A new study led by West Virginia University has found that U.S. cities with pro sports have more seasonal deaths from the flu each year. Based on the findings, sports leagues should reconsider opening back up to the public during the ongoing COVID-19 pandemic.
The research was focused on data from the Centers for Disease Control and Prevention between 1962 and 2016.
The study showed that flu deaths increased by as much as 24 percent during the NFL, NBA, NHL, and MLB seasons. The largest spike in seasonal flu deaths was associated with NHL games.
COVID-19 is believed to be even more contagious and deadlier than the flu. The researchers said that until a vaccine is available or herd immunity exists, the fans should not be coming back to the games.
“Opening pro sports games to fans is probably a terrible idea, in terms of public health,” said study co-author Professor Brad Humphreys. “You’re right on top of people and everybody’s yelling, screaming, high-fiving and hugging. And you’ve got people eating and drinking. You could be putting the virus right into your mouth.”
“The bottom line is we need to be very careful if we’re considering opening up games to the fans.”
The experts looked at cities that introduced a new professional sports franchise during the 54-year study period. They found that new teams led to an increase in flu mortality, regardless of the sport.
“We found data that reported flu mortality by city by week dating back to the 1960s,” said Professor Humphreys. “We decided the best experiment was to try to look at what happened when a city got a new pro sports team compared to cities that didn’t.”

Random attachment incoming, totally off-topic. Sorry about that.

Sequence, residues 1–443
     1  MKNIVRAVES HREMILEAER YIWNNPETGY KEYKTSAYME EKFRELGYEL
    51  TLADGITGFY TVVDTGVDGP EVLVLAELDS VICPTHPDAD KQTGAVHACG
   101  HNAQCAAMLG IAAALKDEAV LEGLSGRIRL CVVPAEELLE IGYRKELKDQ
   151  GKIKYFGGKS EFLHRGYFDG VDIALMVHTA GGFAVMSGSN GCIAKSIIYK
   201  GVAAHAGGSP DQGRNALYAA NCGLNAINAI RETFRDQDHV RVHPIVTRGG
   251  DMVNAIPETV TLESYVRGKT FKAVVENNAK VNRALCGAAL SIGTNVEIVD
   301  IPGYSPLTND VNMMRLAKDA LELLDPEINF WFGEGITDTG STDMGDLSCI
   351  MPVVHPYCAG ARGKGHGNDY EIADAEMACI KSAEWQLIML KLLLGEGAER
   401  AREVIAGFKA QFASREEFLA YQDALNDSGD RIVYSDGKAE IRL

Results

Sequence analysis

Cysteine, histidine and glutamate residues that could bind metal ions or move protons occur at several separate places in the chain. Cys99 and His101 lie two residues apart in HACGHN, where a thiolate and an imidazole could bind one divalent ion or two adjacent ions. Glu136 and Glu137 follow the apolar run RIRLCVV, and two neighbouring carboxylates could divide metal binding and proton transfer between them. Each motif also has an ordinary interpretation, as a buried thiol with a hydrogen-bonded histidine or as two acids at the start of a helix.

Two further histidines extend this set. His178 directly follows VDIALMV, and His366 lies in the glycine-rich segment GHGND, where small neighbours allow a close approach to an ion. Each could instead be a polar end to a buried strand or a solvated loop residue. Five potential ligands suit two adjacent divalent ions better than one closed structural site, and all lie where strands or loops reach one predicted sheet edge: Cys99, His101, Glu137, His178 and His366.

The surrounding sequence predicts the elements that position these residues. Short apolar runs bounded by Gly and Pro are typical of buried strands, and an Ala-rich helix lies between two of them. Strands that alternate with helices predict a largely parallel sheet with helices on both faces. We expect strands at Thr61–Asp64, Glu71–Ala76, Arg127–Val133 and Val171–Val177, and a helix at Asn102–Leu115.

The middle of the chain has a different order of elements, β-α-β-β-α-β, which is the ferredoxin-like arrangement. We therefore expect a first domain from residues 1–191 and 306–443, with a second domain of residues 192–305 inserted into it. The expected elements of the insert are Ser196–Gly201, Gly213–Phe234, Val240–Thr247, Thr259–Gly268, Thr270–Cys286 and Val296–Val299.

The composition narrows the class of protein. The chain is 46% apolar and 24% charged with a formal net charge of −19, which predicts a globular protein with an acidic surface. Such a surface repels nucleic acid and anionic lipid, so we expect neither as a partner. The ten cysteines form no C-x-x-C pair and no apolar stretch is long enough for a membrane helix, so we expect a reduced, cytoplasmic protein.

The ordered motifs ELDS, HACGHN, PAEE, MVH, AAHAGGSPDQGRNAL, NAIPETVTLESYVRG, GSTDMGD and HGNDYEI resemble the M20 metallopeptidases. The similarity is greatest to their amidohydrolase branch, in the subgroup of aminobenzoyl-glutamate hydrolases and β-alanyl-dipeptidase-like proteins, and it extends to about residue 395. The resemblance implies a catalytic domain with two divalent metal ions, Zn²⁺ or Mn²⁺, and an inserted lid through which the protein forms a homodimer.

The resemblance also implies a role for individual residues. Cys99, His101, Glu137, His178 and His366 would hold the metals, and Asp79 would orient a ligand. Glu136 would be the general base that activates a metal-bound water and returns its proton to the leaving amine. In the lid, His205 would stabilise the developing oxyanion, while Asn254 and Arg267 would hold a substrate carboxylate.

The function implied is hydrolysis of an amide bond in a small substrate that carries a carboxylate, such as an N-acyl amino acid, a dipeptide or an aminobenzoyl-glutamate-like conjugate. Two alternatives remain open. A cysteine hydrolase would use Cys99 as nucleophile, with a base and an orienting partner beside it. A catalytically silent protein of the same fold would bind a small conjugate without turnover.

“As it turned out, after a new professional sports team came into a city, that flu season and every flu season afterward had more people dying of the flu.
“It isn’t one or two people dying. This is closer to 30 or 40 additional flu deaths over the course of flu season. When you blow it up to a virus that’s more fatal like COVID-19, we could be talking about hundreds of additional deaths because of these games.”
During suspensed seasons, the data showed a decline in flu deaths. For example, U.S. cities reported fewer flu deaths during the 2011 NBA lockout and the 1982 NFL strike.
The research was initiated in March as the NBA and other organizations called off games due to the COVID-19 outbreak. Professor Humphreys was further motivated to investigate after learning about a spike in COVID-19 following a soccer game in Italy.
On February 19, more than 40,000 residents of Bergamo traveled to nearby Milan to see their home team Atalanta compete with Spain’s Valencia. Before the soccer match, there were only three confirmed COVID-19 cases in Italy. Two weeks later, that number jumped to almost 1,000 in Bergamo alone.
“At the time, they had the highest death rate anywhere in the world,” said Professor Humphreys. “That game served as a super-spreader event.”
Both the NBA and NHL are planning to resume their seasons this summer without fans in attendance. As part of an ongoing study from the WVU Rockefeller Neuroscience Institute, NBA players will have the option of wearing an Oura smart ring that detects early signs of COVID-19.
The experts hope their findings will not only help inform decisions about reopening sporrs, but will also deter mass gatherings in general such as concerts, conferences, and conventions.
“You’ll have some people say, ‘Oh, but everybody can wear a mask,’ but you’ve seen how people are complying with that, right? And if these arenas are at full capacity, social distancing isn’t happening,” said Professor Humphreys.
A COVID-19 model that was formerly used by the White House projects that more than 200,000 American could die from the virus by October. As of today, 119,000 people have died in the United States.
“Our results reveal that bringing fans back to games would be a huge mistake,” said Professor Humphreys. “Imagine someone going to a game and sitting in the stands and then they go see grandma at the nursing home. Let’s wait til we have a vaccine or reach herd immunity.”
The research was presented at the ROSES seminar hosted by the University of Reading.
By Chrissy Sexton, Earth.com Staff Writer